Twin Falls is the type of hike you often see recommended when someone is searching for a kid-friendly trail, or have friends visiting who want to see a bit of Washington outdoors. I kept meaning to check it out when T was a bit younger, but never made it out. I’ve also heard it can be crowded on weekends, which can be less than ideal with a toddler who wants to frequently stop and inspect ferns. When this week’s weather forecast called for sun, the NW finally answered with blue skies. I figured there was no better time to try this hike than an early spring weekday.
There are three bathrooms and an electronic paystation in the ample parking area. The first section of trail has some interpretive signs and runs along the river, which is very high and fast with spring runoff at this time. Along the way, there are several small “waterfalls” by the trail, which delighted T. He was a bit skeptical about stepping in mud with his new shoes but quickly got over it after watching me stomp through the mud chanting “Mud! Mud! Mud!”
I think I finally got the perfect fit on my Lillebaby carrier today. I switched Si to the front infant carry position, with his legs out, which allowed me to tighten the shoulder straps and move the waist belt higher. I was worried about his feet and legs getting cold, but a pair of booties over his socks helped. Next time, I might try two layers of pants, or longer socks, as his calves were a bit chilly towards the end.
We ended up stopping to nurse pretty early, and T decided he wanted to be packed at that point, maybe half a mile in at the most. Once we got going again, we hit the first uphill section, which included a couple of switchbacks. I was glad to see the benches at the top, as I am still very out of shape. I keep reminding myself that getting out is the only way for it to get easier, but its still difficult mentally. Summer 2015 was the summer we started hiking in earnest, and I was in the best shape I’d ever been in. Now, I feel…well, like someone who spent the last nine-plus months being lazy and pregnant. I’m sure the Pop Tart cravings didn’t help (I regret nothing).
Anyways, here we caught the first glimpse of the main attraction: a tall waterfall that usually splits, but is currently a single powerful torrent. After catching my breath, we continued down the trail which drops down to the river. The trail is newly built as a slide maimed this section last year. A huge tree marks the bottom of the descent before the trail climbs back up towards the top of the falls.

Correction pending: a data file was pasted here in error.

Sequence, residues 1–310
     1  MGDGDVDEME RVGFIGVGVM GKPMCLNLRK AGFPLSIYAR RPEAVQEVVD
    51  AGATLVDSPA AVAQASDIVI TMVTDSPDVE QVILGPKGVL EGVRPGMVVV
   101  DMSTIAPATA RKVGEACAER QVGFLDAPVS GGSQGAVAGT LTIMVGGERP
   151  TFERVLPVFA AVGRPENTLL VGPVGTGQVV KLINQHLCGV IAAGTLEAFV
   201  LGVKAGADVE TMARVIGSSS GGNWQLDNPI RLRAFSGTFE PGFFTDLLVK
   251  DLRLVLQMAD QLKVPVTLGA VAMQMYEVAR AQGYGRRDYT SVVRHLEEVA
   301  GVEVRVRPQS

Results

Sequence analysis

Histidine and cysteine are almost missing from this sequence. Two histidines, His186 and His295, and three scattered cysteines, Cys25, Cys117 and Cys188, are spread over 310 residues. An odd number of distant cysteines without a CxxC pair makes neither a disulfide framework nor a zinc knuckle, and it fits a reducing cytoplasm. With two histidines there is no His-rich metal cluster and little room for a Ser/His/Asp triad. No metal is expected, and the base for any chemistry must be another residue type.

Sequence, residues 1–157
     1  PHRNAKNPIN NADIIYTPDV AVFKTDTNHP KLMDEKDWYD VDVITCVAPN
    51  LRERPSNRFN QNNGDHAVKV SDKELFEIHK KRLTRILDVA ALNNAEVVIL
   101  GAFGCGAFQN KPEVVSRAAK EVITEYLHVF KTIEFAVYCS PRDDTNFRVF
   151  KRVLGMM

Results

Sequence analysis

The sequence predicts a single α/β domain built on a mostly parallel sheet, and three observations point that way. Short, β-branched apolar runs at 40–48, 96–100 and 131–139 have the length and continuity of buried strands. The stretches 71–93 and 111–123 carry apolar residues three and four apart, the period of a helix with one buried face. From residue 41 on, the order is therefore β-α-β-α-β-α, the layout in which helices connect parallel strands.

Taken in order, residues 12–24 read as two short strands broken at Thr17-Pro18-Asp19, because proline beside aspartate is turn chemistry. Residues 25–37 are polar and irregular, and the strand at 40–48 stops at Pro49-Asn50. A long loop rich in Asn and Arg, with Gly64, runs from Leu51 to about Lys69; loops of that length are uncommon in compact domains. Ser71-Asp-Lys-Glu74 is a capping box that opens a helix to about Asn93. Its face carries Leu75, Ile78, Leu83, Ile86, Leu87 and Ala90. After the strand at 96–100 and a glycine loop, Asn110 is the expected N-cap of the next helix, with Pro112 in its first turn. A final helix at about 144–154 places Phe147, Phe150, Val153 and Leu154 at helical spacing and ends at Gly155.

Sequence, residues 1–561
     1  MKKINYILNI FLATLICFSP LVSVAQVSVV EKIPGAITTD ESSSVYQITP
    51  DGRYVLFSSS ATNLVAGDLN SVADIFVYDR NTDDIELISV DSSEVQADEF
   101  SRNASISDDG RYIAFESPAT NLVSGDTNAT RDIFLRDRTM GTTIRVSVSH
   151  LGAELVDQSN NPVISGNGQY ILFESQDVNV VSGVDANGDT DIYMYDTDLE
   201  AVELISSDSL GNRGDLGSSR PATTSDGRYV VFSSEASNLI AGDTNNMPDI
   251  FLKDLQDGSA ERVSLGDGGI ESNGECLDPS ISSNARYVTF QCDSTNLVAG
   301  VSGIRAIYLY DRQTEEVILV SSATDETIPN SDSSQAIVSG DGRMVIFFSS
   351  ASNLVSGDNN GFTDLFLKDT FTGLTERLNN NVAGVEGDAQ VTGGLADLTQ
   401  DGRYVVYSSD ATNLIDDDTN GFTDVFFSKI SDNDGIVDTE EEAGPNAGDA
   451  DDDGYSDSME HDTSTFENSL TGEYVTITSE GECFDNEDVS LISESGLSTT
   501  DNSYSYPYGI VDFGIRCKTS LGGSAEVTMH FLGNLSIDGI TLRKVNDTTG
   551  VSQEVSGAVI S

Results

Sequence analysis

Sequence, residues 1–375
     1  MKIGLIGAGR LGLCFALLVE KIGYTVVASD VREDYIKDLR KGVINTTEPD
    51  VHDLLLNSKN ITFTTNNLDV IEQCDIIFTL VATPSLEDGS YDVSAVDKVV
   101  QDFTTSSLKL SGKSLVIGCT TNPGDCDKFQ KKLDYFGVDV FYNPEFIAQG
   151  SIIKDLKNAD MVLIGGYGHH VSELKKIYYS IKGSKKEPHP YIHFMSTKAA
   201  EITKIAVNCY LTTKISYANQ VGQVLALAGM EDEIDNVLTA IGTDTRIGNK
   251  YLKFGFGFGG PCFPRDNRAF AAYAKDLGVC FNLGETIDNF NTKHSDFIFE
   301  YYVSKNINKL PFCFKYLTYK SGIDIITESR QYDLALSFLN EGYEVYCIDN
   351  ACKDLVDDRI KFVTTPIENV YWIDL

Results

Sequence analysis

Currently, there are some minor trail obstacles on the ascent, but nothing that should challenge anyone but the smallest of hikers. The trail splits with the choice to go down a loooooong series of stairs or continue on to the bridge over the falls. We went down the stairs (WTA cites 104 stairs) to a rather precarious and wet lookout. The spray from the falls quickly dampened us, and T was a little freaked out by the thundering falls and height, so we headed back up the stairs after taking some photos. I imagine this lookout gets very crowded on sunny weekends.
We continued up the trail, checking out the inside of a dead tree and having a little snack along the way. The large bridge that spans the river above the waterfall isn’t much further and offers a view of a second (third?) waterfall. We didn’t see benches, so we ate our sandwich on the way back to the first lookout. The way back seemed much quicker, and we took another nursing/snack break at the benches. We’ve found frequent snack breaks to be helpful in keeping T’s energy up, plus nursing before the baby is too fussy keeps stress levels down.
After our break, I tried to talk T into walking the last bit but he was seriously opposed. He refused to keep walking, looking like the saddest of sad clowns. Teaching perseverance is one thing, but, especially with toddlers, it shouldn’t be at the expense of fun (edit: it should be noted that at dinner tonight, I asked T if he had fun today and he said “No. Brr cold.” Can’t win ’em all, I guess). We loaded him back in the pack, and he was nodding off by the time we reached the bottom of the hill. I guess we ran too close to naptime, and I noticed his pants were wet (???). It was only another 10 minutes or so to the car, and he was completely asleep by then. We’re still very early in potty training, so he is in diapers, and his diaper leaked right about the time he went back in the pack. This is where my “bring ALL the things!” mentality that makes our 4runner resemble a hoarder’s closet comes in handy! I had extra pants for him, and he got changed and warmed up before heading home.
If there’s one thing I’ve learned in the last couple years of hiking with little kids, its to bring extra clothes (for everyone!).
Twin Falls is a great trail for kids, and even if you only get to the first lookout, its worth the trip for hiking families. We clocked almost 3 miles in a whopping 2 hours. I’ll label this “hungry 6 week old plus wandering toddler” pace.
WTA Hiking Guide: Twin Falls